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Image Source:www.bangalorebest.com

NRIs keen to invest in a property in India should evaluate the prospects of the commercial (office) segment. This segment offers several advantages vis-a-vis the residential segment. The rental yield is currently higher at 7-9% p.a. compared to the 2-3% p.a. yield that the residential segment offers. Rental yields drop when one comes to smaller commercial spaces though, but are still likely to be higher than those offered in the residential segment. Whereas residential real estate in India is caught in a downturn which may last for quite some time owing to the high inventory levels in most leading cities, there is greater equilibrium between demand and supply in the commercial segment, and rentals are inching up in most leading metros. As the economic recovery gathers momentum, as is widely expected to happen in 2016 and 2017, the demand for commercial space should increase further.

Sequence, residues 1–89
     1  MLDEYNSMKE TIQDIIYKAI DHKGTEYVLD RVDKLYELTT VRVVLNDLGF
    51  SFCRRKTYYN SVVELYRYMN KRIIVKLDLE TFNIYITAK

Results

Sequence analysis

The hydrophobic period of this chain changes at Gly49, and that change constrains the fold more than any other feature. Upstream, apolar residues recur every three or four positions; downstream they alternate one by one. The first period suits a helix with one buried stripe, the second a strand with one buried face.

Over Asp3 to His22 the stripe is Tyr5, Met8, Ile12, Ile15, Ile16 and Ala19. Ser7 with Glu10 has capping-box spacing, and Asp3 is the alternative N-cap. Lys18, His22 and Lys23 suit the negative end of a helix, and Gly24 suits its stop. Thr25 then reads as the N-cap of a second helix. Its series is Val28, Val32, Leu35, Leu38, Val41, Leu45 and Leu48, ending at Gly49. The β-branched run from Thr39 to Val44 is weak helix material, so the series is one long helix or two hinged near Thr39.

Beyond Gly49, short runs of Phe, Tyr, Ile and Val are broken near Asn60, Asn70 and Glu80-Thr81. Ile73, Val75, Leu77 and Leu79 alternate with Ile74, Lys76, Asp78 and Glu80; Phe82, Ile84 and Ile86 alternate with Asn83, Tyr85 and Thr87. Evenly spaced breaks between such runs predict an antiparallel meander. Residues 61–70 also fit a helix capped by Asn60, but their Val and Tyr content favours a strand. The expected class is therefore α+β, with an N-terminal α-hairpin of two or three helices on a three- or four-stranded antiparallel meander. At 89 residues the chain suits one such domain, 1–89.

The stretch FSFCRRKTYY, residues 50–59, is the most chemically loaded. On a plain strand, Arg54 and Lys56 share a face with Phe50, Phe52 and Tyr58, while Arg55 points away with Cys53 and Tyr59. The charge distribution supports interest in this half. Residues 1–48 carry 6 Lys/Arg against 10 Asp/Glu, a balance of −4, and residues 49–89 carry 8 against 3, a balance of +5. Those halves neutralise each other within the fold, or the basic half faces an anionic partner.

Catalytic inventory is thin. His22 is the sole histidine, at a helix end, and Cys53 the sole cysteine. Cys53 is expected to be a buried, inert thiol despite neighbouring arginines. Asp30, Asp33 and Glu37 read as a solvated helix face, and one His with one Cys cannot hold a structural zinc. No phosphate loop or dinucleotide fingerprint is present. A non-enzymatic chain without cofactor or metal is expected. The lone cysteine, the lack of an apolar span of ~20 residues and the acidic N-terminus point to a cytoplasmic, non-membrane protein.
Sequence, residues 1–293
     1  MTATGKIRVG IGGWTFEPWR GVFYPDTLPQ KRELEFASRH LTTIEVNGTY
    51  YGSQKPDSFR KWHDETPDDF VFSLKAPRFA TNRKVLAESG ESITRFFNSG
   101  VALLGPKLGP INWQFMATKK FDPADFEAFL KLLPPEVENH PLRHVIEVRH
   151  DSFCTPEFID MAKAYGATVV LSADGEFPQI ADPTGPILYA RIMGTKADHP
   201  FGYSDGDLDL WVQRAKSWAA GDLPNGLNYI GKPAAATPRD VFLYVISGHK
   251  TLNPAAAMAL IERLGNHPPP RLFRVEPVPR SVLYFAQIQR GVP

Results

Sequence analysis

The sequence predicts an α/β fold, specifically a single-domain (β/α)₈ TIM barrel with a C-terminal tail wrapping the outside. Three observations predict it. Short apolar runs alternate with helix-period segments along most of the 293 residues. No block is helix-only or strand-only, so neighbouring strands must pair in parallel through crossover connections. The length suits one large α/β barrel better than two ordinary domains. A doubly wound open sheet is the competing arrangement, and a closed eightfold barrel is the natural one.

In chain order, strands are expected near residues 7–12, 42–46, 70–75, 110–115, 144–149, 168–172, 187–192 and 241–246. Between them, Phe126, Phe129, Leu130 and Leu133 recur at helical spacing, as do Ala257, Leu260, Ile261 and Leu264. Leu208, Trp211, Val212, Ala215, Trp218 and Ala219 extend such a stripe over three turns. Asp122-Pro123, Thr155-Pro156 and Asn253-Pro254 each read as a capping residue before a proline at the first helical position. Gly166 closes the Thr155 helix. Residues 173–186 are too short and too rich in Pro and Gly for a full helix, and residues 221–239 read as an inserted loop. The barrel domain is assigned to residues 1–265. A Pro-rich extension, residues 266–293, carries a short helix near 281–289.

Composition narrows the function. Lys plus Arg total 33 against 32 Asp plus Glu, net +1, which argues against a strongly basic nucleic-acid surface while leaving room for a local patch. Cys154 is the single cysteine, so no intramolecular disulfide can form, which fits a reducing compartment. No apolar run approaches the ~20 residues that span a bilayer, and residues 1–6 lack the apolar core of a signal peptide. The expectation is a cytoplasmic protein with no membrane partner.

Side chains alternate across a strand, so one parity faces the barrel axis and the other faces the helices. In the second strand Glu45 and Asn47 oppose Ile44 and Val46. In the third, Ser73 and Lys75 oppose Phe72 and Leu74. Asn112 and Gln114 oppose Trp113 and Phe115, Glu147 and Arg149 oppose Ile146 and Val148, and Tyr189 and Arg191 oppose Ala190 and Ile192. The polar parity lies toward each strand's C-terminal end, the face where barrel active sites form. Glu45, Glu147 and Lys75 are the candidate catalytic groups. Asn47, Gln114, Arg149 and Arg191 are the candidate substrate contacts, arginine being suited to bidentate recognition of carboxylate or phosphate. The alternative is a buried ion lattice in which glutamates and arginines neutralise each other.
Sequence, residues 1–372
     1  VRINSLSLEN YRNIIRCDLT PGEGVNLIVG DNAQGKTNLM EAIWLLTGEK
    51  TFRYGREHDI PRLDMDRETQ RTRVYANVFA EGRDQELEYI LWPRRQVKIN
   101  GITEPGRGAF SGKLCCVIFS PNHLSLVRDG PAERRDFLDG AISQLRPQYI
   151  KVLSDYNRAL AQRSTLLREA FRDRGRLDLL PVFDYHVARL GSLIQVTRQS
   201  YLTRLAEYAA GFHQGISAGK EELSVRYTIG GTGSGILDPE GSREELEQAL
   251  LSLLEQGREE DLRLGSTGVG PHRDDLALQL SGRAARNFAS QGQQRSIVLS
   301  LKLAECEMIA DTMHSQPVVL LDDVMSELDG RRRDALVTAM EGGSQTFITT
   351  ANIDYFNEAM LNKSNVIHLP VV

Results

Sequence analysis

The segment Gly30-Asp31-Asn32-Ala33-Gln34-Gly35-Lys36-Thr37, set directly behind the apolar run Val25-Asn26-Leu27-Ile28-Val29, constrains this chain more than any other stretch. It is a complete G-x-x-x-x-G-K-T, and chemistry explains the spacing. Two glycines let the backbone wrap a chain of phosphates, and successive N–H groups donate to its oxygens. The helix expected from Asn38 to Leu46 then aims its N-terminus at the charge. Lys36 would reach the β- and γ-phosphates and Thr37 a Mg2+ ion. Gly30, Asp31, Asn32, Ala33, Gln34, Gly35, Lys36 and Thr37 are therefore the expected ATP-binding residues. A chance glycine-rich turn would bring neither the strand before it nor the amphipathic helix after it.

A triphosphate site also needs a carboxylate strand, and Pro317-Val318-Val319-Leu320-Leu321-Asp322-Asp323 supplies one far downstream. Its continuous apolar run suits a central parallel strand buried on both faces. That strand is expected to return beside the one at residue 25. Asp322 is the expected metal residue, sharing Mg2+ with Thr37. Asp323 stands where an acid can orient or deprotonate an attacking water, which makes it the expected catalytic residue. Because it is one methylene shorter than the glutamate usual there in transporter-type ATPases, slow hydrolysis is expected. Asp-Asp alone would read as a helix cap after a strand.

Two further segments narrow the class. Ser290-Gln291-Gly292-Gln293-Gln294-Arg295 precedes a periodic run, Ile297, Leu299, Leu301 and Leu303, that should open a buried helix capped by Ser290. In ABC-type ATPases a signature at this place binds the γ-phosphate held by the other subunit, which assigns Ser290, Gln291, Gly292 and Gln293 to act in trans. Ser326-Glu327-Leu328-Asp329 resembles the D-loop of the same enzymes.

This segment offers several advantages vis-a-vis the residential segment. The rental yield is currently higher at 7-9% p.a. compared to the 2-3% p.a. yield that the residential segment offers.

Another advantage of investing in a commercial property is that NRIs can use it to run their own venture if and when they return to India. However, be warned that the capital appreciation in office property tends to be lower than in residential property over the long term. And if you are looking for a loan to buy the property, that too may be harder to get than a loan for purchasing a residential property. While the Indian economy is on the cusp of a cyclical recovery, be warned that a downturn in the economy has a negative impact on the demand for office space. The office space you have bought could remain vacant or you may find it difficult to revise rentals upward.